How Stuttering Songbirds Could Cure It in People

A palm cockatoo sits at the Sedgwick County Zoo in Wichita, Kan. Scientists have been studying if song birds could solve stuttering. National Geographic/Getty

An estimated 7.5 million Americans show some difficulty in speaking, ranging from light stutters to severe language impairment, according to the National Institute on Deafness and Other Communication Disorders. Some can overcome the impediment through speech therapy, but many will live their whole lives with the disorder. But a recent study of birds may offer up a new model for researching and treating these problems.

Scientists at Duke University spent six years studying the brain regions of vocal-learning birds—species such as songbirds and parrots that can learn to produce vocalizations by imitating sounds that they hear—and cross-referencing them with the human brain. They found that the birds exhibit "tens to hundreds" of genes related to vocalization that seem to match those in humans, including 50 genes from one brain region that appear to be responsible for vocal-learning abilities in both humans and birds.

The study, published in December 2014 in the journal Science, suggests that songbirds and other vocal-learning animals could be used as potential models for examining the internal circuitry and brain regions associated with speech production and motor skills. "A challenge in the area of both motor and speech disorders is the development of appropriate animal models," says study co-author Andreas Pfenning, now a postdoctoral associate at MIT who specializes in genomics research. He says no mammals "can do a good job of mimicking—and acting as proper models for studying—vocalizations." Songbirds could be the solution. It turns out humans are a lot like these birds when it comes to making noises. For example, we both babble when learning vocalization skills at a young age—and both species can develop stuttering disorders.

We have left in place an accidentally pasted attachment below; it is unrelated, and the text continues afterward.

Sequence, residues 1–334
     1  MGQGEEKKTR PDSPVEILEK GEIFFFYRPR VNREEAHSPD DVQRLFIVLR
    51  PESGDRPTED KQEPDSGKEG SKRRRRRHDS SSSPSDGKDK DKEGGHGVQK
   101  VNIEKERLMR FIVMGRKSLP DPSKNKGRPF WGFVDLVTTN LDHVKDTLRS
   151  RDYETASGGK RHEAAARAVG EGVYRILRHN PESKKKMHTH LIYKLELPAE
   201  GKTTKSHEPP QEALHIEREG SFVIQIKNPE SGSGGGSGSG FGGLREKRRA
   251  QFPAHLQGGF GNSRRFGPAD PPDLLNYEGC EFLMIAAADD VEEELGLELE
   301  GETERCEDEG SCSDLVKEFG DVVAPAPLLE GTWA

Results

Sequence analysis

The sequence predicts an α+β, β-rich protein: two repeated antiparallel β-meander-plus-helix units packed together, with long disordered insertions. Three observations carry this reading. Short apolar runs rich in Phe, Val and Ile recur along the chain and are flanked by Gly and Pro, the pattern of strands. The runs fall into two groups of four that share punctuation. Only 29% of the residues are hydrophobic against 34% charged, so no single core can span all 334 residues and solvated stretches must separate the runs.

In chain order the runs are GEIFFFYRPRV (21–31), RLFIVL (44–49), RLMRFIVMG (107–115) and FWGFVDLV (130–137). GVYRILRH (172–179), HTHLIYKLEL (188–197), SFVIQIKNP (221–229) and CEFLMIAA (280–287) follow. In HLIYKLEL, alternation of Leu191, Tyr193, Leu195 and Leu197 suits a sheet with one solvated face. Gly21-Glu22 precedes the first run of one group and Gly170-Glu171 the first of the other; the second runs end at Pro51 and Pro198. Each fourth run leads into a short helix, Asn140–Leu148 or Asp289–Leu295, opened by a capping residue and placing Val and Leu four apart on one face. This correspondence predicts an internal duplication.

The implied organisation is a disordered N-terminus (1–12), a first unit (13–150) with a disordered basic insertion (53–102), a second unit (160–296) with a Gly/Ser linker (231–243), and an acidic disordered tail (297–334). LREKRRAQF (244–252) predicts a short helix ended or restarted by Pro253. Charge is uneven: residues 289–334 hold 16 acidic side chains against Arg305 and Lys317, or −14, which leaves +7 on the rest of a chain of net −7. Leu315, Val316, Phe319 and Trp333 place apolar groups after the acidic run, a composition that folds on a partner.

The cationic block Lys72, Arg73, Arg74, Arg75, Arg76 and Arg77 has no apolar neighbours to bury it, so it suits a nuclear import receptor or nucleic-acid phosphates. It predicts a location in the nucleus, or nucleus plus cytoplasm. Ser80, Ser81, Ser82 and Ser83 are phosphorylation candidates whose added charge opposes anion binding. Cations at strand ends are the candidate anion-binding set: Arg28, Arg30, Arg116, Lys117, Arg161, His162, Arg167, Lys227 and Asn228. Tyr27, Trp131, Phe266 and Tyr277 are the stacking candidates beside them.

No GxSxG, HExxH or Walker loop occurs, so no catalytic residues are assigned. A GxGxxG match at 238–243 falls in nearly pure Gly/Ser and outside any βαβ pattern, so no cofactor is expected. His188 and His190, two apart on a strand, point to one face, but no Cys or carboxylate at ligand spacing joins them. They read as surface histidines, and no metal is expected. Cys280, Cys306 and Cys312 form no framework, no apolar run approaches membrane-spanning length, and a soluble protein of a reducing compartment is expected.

"The songbird," says Pfenning, "could be used to work out some of the underlying mechanisms at the level of genes, circuits and how they relate to each other," and thereby, aid in the search for future treatments for human stutterers.

Nan Bernstein Ratner, a fellow with the American Speech-Language-Hearing Association who was not part of the study, says the study "is exciting in a basic science sense, because it will inform what systems may be impaired when we see individuals with certain speech problems." However, she adds, "treatment is certainly a distant extension of this work and may or may not emerge from this line of work."

Either way, the study does shine light on our origins as a social species, supporting previous research that links people and vocal-learning birds to a common ancestor from over 310 million years ago. "Vocal learning, and speech, is something that defines us as a species," says Pfenning. "This project gives us insight into how that ability evolved."